Still, looking at the schedule it feels like at least a few losses are coming. The most likely one remains this weekend at Auburn, where Bruce Pearl’s club hasn’t lost yet this season (especially when they get a beneficial whistle like they did last week against Kentucky). It also isn’t out of the realm of possibility that the Tigers can or will get tripped up either at Arkansas, at Florida or both, considering that LSU nearly lost to both at home earlier this season.
So, if we’re to assume that LSU takes care of all the teams it should at home (Missouri, Texas A&M and Georgia), what the Tigers SEC title chances may come do to are a couple things: 1) What do Kentucky and Auburn in their games? 2) Can they go 3-2 during a tough five game road stretch? 3) And can they beat Kentucky in Baton Rouge?
If they can in fact go 3-2 during that five-game road stretch and they beat Kentucky, there is almost no scenario where they aren’t at least sharing a part of the 2020 SEC crown.
Kentucky (17-5, 7-2 in SEC)
Home: Ole Miss, Florida, Auburn, Tennessee
Road: Tennessee, Vanderbilt, LSU, Texas A&M, Florida
How We Got Here: Most everyone reading this doesn’t need me to explain how Kentucky got to 7-2 overall in SEC play, but for those who have been living under a rock the last six weeks, here’s what you need to know.
The Wildcats have largely taken care of business early in conference play, quietly piling up a slew of nice wins. That included a victory at Arkansas, a clean sweep of Anthony Edwards and Georgia (shout out, Tom Crean!) and a home win against Mississippi State on Tuesday. That win followed a disappointing loss marred by the referees at Auburn. To be clear, I’m not personally saying Kentucky lost because of the referees (many reading probably disagree). But when one team shoots 44 foul shots and there are 68 total fouls called, it means that either it was the most physical game in the history of basketball, or the refs overstepped their bounds.
Still, the Auburn loss also doesn’t change the fact that Kentucky is only behind LSU in the SEC standings because of an inexcusable loss to South Carolina early in the season. The Wildcats led by as many as 14 in the second half, and 13 with 11 minutes to go – and still found a way to lose.
Had Kentucky simply won that game, their road to an SEC title would be much more manageable. Now it’s going to take some work down the stretch.
What’s Next: Because Kentucky is the signature program in the SEC, the conference office is always sure to give the Wildcats just about the toughest schedule in the league, and back-load it with big games. This year is no exception. Which also means that out of the three teams with realistic SEC title chances, they have the toughest road.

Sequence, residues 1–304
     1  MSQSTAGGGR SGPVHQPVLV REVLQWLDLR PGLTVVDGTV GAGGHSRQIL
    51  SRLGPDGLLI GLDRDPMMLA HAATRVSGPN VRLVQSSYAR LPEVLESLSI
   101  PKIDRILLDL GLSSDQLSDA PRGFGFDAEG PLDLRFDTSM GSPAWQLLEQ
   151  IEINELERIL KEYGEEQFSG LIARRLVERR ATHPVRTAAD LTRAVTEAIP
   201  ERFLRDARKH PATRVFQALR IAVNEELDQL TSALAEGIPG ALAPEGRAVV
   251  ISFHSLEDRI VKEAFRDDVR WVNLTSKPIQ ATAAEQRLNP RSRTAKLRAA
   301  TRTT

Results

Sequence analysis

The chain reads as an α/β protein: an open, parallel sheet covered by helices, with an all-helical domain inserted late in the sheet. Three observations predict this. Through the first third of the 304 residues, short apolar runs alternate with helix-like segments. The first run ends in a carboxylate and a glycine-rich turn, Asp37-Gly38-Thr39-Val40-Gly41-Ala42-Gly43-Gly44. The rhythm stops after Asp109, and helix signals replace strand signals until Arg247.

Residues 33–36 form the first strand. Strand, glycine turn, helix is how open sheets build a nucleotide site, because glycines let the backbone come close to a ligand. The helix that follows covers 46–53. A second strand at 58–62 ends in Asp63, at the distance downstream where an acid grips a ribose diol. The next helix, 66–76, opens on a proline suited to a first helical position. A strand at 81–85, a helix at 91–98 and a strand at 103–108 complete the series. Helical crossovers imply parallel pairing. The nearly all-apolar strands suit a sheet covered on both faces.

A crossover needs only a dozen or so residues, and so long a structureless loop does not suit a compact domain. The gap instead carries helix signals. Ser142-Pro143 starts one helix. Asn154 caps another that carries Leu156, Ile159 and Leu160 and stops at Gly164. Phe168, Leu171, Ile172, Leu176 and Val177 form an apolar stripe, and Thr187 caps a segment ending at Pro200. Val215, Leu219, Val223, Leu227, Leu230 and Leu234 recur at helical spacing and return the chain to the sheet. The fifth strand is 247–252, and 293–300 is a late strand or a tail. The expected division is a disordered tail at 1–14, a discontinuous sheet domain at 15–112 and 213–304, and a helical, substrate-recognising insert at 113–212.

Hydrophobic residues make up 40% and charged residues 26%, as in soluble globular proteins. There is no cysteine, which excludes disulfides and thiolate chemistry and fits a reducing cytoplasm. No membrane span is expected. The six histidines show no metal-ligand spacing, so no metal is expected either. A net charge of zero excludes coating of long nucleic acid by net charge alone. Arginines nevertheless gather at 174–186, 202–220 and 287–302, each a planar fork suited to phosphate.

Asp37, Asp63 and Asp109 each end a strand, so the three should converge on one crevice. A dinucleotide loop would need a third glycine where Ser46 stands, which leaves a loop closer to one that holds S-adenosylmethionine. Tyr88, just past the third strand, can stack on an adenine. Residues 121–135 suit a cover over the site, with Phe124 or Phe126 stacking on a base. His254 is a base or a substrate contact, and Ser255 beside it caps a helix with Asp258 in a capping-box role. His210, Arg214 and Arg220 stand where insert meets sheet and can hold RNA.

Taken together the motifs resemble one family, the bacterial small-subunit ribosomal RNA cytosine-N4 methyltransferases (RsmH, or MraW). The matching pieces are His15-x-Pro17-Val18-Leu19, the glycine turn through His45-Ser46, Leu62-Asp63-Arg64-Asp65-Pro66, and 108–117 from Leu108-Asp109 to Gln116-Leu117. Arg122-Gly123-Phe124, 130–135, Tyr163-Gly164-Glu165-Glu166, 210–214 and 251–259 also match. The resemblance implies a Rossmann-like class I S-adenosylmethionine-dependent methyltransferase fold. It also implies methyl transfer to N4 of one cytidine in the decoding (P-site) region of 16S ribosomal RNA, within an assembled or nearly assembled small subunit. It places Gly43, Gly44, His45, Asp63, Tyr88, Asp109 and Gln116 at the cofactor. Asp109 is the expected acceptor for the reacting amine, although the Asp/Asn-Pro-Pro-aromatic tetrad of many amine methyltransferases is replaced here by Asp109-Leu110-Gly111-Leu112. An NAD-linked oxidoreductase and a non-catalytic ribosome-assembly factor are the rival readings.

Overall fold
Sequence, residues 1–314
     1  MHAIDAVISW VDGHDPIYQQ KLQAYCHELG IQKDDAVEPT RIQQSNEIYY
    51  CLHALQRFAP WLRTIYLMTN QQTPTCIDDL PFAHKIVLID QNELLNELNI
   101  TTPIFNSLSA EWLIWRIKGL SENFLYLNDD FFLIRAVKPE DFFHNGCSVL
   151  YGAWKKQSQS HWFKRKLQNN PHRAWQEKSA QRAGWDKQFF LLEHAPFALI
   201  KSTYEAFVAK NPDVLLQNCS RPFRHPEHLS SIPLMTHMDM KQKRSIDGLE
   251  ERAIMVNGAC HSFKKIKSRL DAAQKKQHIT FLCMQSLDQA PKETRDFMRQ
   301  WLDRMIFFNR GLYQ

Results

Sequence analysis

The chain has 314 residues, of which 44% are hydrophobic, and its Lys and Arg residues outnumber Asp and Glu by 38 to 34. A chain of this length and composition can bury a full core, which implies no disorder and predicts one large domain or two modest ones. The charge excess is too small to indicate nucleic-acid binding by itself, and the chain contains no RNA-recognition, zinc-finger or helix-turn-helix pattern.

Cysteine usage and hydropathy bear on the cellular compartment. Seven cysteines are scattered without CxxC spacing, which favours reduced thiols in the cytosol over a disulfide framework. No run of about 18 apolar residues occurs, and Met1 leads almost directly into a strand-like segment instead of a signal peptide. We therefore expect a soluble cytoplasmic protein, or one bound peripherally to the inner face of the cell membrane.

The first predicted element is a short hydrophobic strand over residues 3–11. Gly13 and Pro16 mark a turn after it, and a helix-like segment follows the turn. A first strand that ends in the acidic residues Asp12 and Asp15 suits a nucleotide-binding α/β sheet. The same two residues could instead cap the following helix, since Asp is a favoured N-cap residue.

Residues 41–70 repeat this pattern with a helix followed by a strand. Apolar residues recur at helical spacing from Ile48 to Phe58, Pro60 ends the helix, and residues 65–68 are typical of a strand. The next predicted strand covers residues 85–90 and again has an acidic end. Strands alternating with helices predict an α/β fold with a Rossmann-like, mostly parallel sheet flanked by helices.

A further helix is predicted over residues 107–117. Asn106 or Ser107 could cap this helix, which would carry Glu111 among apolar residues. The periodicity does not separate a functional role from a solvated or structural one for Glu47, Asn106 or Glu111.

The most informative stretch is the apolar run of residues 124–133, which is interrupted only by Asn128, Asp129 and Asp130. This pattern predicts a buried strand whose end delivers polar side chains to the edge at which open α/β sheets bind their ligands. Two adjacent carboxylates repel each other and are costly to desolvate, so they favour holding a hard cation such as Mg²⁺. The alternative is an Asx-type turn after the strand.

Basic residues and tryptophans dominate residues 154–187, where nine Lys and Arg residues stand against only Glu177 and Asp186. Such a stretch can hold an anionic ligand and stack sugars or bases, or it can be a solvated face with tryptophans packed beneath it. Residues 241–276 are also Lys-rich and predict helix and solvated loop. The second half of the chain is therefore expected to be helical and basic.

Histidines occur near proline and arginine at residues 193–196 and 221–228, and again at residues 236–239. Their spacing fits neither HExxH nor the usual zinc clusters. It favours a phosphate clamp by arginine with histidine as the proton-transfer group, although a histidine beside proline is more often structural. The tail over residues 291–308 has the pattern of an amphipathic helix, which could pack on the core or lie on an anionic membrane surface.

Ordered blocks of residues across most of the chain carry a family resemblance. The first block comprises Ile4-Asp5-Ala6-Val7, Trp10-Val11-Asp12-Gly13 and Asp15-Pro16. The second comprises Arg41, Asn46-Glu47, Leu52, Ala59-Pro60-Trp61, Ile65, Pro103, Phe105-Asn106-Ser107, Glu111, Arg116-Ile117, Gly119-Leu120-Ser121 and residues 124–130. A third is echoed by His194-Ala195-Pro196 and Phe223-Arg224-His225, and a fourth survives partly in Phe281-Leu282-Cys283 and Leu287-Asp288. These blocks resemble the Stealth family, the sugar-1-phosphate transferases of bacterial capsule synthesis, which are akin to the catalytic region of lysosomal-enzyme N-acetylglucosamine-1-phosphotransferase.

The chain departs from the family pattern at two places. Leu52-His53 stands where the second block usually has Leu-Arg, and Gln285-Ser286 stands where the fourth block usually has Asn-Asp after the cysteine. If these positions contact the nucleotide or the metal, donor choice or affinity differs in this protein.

For starters, the Wildcats still have remaining home-and-homes with Tennessee and Florida. Say what you want about each team, but neither will be easy, especially on the road. To Rick Barnes’ credit, Tennessee continues to play hard despite injury and the Wildcats have lost four straight games at Thompson-Boling Arena. The Wildcats have had a bit more success at the O-Dome, winning there last year, but the Gators remain talented. Even if they’re not particularly well-coached.
Then even if they survive those four games against Tennessee and Florida, there are still two major tests left after that: LSU on the road and Auburn at home.
Again, the road to an SEC title won’t be easy for the Wildcats.
What They Need to Do Going Forward: For Kentucky, their mettle really will be tested with the road ahead. Winning (at least a piece) of the SEC title seems feasible. But it won’t be easy.
First off, Kentucky needs to avoid doing what they’ve done too often this year: Play down to their competition. I’ve said it a million times this season, but the Wildcats have the capability of beating anyone in the sport (as evidenced by wins over Louisville, Michigan State, at Texas Tech and at Arkansas) but also have the ability to lose to anyone too. You don’t need me to tell you about the losses to Evansville, Utah and South Carolina. Which range from “just awful” to “absolutely inexcusable.”
Therefore, the first thing Kentucky needs to do is simply just crush the teams they’re supposed to. That means they absolutely need to win at Vanderbilt and Texas A&M and beat Ole Miss on the road. They also have to take care of Auburn, Tennessee and Florida all at home. Considering that they nearly won at Auburn, and are simply more talented then Tennessee, and better coached then Florida, those should be wins. No disrespect to any of those programs. But if you’re an SEC title contender, those are teams you take care of at home.